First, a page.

This weekend, I tried again.  It’s a different week.  I’m better rested.  The other cats are filling in the spaces Grace left behind.  The Blood Orange Vanilla Bean Pound Cake is a different recipe (no Greek yogurt – that was just a bad idea – and this time I added salt – that might have made a difference).  I’m a little more healed around the edges.  So while I have mixed feelings about the book Stir I think it’s only because I’m sometimes not so thrilled by trauma and healing and all the work it entails.  I hate being reminded of what hard work it is to heal, but then again, maybe I needed to be reminded.

Blood Orange Vanilla Bean Pound Cake

Blood Orange Vanilla Bean Pound Cake

Blood Orange Vanilla Bean Pound Cake

Blood Orange Vanilla Bean Pound Cake

Ingredients

  • ¾ cup softened unsalted butter
  • ½ cup white sugar
  • ¼ cup brown sugar
  • 3 eggs
  • ¾ cup milk
  • 1 teaspoon vanilla extract
  • Seeds scraped out of a vanilla bean pod
  • 1 ¾ cup all-purpose unbleached flour
  • 1 teaspoon baking soda
  • ½ teaspoon salt
  • Zest from a blood orange
  • 2 tablespoons blood orange marmalade (or regular marmalade)

Instructions

  1. Preheat the oven to 300 degrees. Butter a bread pan and set aside.
  2. Cream the butter and sugars in a medium sized bowl. Add the eggs one at a time and mix until they are incorporated. Add the milk, vanilla extract, and vanilla beans and mix. Add the flour, baking soda, salt and zest and mix until all the dry ingredients are incorporated.
  3. Pour half of the mixture into the prepared bread pan. Dollop the blood orange marmalade in a line down the middle of the mixture in the pan. Top with the rest of the mixture.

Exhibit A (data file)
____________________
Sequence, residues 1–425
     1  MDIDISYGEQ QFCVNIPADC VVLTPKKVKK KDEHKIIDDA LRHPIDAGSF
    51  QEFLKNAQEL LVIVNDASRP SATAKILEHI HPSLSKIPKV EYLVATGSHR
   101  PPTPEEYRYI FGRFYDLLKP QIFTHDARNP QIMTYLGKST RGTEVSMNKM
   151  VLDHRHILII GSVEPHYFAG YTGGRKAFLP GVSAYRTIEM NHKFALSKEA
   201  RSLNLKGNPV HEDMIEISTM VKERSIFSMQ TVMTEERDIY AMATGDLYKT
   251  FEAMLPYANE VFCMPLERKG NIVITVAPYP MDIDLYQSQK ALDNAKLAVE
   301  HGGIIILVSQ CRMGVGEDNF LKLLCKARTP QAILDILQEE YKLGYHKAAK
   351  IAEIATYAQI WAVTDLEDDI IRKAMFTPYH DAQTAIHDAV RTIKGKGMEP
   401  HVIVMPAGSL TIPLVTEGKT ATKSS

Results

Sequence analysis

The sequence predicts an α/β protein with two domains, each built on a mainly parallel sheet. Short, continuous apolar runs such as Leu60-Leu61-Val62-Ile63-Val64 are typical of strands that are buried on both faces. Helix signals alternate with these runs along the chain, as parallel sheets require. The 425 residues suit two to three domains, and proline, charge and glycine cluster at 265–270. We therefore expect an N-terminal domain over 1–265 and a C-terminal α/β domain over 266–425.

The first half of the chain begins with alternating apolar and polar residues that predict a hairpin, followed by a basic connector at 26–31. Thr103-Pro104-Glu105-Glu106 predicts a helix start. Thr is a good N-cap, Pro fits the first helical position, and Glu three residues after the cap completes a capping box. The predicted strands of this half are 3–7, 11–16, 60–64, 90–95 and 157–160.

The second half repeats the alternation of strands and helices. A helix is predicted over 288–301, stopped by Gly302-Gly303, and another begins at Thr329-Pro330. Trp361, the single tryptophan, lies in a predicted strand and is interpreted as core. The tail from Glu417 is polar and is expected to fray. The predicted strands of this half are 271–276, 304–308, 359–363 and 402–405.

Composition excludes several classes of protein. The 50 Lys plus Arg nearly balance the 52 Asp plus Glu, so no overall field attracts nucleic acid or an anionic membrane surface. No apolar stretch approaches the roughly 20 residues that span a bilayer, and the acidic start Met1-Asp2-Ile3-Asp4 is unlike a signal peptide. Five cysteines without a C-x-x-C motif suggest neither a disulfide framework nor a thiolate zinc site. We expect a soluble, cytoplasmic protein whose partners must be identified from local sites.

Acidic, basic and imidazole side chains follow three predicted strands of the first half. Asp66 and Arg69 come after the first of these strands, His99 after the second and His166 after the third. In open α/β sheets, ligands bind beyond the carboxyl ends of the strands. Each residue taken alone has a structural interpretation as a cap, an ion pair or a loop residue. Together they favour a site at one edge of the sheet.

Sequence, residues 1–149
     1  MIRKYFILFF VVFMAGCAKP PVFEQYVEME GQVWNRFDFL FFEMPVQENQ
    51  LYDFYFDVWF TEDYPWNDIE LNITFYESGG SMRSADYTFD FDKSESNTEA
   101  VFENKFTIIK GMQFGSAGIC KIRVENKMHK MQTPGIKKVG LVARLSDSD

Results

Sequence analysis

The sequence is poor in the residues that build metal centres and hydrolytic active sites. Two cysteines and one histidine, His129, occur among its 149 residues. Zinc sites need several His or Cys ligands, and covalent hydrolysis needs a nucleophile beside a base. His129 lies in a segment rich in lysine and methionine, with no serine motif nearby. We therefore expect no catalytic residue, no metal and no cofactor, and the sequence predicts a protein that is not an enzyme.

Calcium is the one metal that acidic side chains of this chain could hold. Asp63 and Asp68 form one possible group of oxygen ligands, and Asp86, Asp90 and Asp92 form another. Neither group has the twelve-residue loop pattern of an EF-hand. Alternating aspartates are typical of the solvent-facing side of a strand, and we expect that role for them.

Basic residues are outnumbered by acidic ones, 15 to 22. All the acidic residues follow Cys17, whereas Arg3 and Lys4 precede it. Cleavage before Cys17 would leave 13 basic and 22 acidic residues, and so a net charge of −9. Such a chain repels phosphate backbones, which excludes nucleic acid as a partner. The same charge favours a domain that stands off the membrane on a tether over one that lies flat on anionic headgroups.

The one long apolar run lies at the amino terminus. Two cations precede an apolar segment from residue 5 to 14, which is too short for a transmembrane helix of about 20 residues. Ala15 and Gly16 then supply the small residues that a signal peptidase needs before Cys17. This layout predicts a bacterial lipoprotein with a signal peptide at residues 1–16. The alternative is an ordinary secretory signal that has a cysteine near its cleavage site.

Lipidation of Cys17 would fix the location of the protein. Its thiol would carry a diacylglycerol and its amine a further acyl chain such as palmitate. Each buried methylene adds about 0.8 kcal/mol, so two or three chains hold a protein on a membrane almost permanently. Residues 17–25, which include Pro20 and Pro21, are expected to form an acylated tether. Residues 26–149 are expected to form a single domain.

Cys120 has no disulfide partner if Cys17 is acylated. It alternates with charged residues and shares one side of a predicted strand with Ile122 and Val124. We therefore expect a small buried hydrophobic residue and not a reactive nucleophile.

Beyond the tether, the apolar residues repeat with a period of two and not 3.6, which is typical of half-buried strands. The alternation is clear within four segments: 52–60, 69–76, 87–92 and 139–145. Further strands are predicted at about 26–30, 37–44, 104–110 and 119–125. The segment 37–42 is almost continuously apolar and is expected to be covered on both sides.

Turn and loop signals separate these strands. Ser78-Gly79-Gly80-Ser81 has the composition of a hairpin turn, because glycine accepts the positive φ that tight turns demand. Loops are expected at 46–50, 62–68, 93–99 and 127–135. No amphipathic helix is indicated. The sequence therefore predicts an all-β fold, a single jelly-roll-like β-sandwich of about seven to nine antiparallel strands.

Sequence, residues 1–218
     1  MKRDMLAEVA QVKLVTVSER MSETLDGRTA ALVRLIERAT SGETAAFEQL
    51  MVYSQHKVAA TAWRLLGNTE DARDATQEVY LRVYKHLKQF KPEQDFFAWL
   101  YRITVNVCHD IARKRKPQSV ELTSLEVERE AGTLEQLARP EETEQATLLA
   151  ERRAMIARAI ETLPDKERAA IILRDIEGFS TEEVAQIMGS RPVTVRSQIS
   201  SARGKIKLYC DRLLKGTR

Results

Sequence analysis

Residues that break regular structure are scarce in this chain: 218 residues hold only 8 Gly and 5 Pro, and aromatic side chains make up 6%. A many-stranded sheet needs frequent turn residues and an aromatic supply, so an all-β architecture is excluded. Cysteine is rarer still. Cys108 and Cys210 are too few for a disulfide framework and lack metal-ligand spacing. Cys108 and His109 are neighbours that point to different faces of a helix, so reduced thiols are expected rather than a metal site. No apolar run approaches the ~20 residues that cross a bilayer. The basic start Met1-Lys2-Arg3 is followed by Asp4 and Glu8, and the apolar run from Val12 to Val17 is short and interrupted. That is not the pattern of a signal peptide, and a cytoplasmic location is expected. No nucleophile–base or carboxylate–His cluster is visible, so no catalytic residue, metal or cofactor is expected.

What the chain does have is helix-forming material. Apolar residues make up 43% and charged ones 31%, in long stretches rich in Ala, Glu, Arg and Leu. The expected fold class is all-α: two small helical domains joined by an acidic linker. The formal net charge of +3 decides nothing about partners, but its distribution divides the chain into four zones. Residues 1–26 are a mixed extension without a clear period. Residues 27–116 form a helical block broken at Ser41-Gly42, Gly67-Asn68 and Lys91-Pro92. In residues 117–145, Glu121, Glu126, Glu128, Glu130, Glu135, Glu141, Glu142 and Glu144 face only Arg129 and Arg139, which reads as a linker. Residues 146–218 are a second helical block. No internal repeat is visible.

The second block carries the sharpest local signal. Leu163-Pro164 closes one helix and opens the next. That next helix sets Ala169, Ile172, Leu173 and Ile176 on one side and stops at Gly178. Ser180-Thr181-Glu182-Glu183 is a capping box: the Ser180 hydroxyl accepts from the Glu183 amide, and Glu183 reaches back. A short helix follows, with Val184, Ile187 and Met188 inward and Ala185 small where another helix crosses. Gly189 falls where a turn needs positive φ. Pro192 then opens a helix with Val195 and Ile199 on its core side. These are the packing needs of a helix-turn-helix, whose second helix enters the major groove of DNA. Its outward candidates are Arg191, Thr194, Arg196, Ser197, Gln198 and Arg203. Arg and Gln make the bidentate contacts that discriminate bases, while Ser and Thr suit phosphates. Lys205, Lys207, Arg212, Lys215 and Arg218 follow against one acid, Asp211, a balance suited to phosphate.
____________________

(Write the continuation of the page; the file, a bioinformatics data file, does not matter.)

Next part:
4. Bake for an hour or until a skewer or knife inserted in the middle comes out clean. Cool completely and remove from the pan. Enjoy!
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cookthebooks

 This post has been linked to January 2017 Foodies Read.  Check out all the wonderful books about food and recipes inspired by those books!
Casa Costello
It’s also been linked to #BakeoftheWeek at Casa Costello.  Thanks to Helen (Casa Costello) and Jenny (Mummy Mishaps) for hosting.
Baguettes and French Kiss Sandwiches

Baguettes and French Kiss Sandwiches

This month’s Food ‘n Flix pick resulted in honeymoon nostalgia and these baguettes and French Kiss sandwiches.  French Kiss is a lighthearted comedy from 1995, starring Meg Ryan and Kevin Kline.  The basic plot of the movie is woman (Meg Ryan) loses boyfriend to another woman, goes to Paris to track him down, meets a jewel thief (Kevin Kline) along the way, and then falls in love with the jewel thief.  It’s a cute romantic comedy – the kind of thing that my husband plays video games through and mixes up with another cute romantic comedy (namely Runaway Bride) which we watched a few weeks after.

And maybe it’s because I’m equally a cynic, what I mostly thought about the movie after I finished watching it was – oh those simpler times in the 90s when a woman could safely run off with a man she barely knows after losing her passport and money to his family’s vineyard without fear of being murdered.  Just saying.  Still – what a vineyard!

My one challenge with watching movies for Food ‘n Flix is this – I watch them as a food blogger, which means I want them to slow down and focus on the food!  It’s Paris – it’s France – show me beautiful food!  There was beautiful food in this movie, just not enough of it that was up close and personal.  So my inspiration ended up being less of something in the actual movie and more of Paris itself.  What better way to celebrate Paris than with baguettes and French Kiss sandwiches?